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Hank CampbellRSS Feed of this column.

I'm the founder of Science 2.0®.

A wise man once said Darwin had the greatest idea anyone ever had. Others may prefer Newton or Archimedes. Probably no one ever said the WWW or Science... Read More »

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In American scientization of politics culture, evolution acceptance is a big deal, as is climate change. Yet other science acceptance issues get much less attention.

Why? Evolution and climate change are not the most pressing short-term science issues we face, food, energy and medicine are. I am in awe of evolution but no one dies if some crank school district wants to put religion side-by-side with biology in a classroom, and American CO2 emissions from energy, obviously our biggest polluter, are back at early 1990s levels, thanks to science finding ways to make natural gas extraction better. 
Throughout the 20th century, medical research and public health science was primarily done by corporations - the United States, with 5 percent of the population, generated more than 50 percent of the money and a whole lot more of the science.

No more. Medical research has declined in the United States. It's a win for multiculturalism and a win for globalization but a loss for the U.S.  Yet we have no one else to blame. We are not being out-competed by China when it comes to science, we are losing medical research because we have been taught to hate drug companies and that new drugs should be cheap. That has had substantial impact on our policy.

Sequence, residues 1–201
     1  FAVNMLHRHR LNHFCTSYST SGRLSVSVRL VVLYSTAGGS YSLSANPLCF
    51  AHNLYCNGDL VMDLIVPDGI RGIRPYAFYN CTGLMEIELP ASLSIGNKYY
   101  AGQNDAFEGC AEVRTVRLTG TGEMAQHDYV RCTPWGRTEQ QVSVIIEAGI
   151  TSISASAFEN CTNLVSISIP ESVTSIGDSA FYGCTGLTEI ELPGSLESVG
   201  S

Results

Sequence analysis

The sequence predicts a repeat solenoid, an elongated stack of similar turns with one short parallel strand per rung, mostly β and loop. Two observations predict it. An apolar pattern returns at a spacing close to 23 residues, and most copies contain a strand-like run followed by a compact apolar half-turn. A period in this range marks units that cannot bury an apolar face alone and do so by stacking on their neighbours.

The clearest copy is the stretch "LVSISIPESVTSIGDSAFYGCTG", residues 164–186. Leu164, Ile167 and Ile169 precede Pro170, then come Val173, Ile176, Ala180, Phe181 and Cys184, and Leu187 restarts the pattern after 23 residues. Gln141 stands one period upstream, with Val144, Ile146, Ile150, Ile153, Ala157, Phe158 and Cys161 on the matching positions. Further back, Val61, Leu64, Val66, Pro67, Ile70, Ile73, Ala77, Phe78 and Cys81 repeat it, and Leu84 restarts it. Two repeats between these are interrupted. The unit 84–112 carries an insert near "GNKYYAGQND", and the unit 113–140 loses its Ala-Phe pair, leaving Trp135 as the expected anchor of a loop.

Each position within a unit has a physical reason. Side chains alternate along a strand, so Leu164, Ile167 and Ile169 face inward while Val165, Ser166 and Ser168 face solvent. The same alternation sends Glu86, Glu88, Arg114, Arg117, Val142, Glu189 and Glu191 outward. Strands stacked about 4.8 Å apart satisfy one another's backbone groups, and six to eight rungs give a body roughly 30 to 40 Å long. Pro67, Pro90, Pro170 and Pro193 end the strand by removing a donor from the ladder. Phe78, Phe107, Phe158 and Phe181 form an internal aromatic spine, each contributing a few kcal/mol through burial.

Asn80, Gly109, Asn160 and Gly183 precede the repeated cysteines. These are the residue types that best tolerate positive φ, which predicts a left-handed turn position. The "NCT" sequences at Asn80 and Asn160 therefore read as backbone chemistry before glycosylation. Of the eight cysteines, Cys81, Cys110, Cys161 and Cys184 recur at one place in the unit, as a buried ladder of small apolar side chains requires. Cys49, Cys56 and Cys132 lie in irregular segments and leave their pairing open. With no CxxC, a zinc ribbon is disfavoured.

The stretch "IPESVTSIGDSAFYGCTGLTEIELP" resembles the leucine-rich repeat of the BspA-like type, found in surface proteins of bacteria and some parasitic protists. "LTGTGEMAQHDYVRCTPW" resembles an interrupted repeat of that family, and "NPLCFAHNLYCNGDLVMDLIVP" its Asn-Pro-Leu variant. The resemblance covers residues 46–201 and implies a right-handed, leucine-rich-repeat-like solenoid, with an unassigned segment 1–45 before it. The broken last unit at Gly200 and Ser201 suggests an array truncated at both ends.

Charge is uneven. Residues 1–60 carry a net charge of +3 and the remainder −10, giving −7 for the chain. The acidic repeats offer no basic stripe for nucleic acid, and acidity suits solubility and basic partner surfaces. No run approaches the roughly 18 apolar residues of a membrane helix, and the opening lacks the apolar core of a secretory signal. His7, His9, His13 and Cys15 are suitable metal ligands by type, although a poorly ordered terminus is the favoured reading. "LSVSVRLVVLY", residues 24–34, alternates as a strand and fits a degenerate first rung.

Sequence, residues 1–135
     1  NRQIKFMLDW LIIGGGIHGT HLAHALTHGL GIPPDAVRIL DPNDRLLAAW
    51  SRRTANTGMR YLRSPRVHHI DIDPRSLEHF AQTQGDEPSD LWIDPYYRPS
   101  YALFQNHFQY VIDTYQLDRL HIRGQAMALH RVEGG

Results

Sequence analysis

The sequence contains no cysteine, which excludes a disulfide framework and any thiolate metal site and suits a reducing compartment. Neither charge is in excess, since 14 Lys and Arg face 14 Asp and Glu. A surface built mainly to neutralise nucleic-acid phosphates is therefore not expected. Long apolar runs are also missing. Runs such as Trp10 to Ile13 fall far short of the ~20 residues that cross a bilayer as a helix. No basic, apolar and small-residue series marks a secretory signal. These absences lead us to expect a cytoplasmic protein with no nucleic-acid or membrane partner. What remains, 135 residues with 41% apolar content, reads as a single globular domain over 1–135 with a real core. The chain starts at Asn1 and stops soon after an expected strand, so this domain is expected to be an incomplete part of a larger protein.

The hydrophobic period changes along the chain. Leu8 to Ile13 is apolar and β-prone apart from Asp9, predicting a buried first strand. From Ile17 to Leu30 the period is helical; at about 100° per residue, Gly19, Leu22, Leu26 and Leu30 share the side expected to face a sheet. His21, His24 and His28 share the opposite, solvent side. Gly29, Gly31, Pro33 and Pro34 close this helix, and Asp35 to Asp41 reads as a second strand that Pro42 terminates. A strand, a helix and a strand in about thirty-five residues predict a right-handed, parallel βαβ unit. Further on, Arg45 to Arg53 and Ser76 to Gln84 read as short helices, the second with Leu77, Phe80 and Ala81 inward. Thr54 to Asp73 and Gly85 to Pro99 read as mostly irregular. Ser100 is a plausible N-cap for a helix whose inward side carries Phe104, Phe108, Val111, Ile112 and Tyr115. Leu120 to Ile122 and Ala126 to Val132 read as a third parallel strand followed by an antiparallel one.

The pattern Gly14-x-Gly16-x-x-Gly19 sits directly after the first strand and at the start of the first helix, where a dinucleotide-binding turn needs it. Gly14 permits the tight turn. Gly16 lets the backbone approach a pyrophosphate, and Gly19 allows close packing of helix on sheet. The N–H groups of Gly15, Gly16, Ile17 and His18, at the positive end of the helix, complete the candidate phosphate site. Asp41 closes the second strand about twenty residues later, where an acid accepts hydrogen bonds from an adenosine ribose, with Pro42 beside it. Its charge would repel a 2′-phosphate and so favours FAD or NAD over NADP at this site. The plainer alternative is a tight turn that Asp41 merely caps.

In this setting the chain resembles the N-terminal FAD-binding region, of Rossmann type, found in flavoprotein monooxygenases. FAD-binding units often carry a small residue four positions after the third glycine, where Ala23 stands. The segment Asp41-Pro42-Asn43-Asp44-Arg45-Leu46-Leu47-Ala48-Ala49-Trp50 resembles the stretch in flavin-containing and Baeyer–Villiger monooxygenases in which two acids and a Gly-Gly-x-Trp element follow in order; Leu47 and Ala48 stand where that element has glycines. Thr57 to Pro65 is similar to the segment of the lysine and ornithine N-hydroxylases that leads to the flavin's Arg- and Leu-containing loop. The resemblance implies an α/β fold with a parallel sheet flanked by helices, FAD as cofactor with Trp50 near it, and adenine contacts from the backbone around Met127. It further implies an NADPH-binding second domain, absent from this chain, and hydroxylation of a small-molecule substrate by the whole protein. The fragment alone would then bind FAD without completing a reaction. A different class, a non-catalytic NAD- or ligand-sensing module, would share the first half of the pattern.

Throughout the European Union, environmental elites have to scramble a bit to rationalize their anti-GMO stance while trying not to sound silly. That's not easy. How can modern GMOs be Frankenfood while the previous generation of genetically modified foods, made using less precise mutagenesis, are not only allowed but considered organic?
Literature scholars love to debate Shakespeare. Like 'the greatest baseball player of all time' everyone can have an opinion and they are all just as valid, if even a modicum of thought went into it.(1) He was real, he was not real, he was a fraud, he was the greatest writer of all time, he was a woman, you name it and someone in the humanities has argued for it

He was Catholic? Catholics say so, at least after the fact, but that evidence is circumstantial, like everything else except his writing.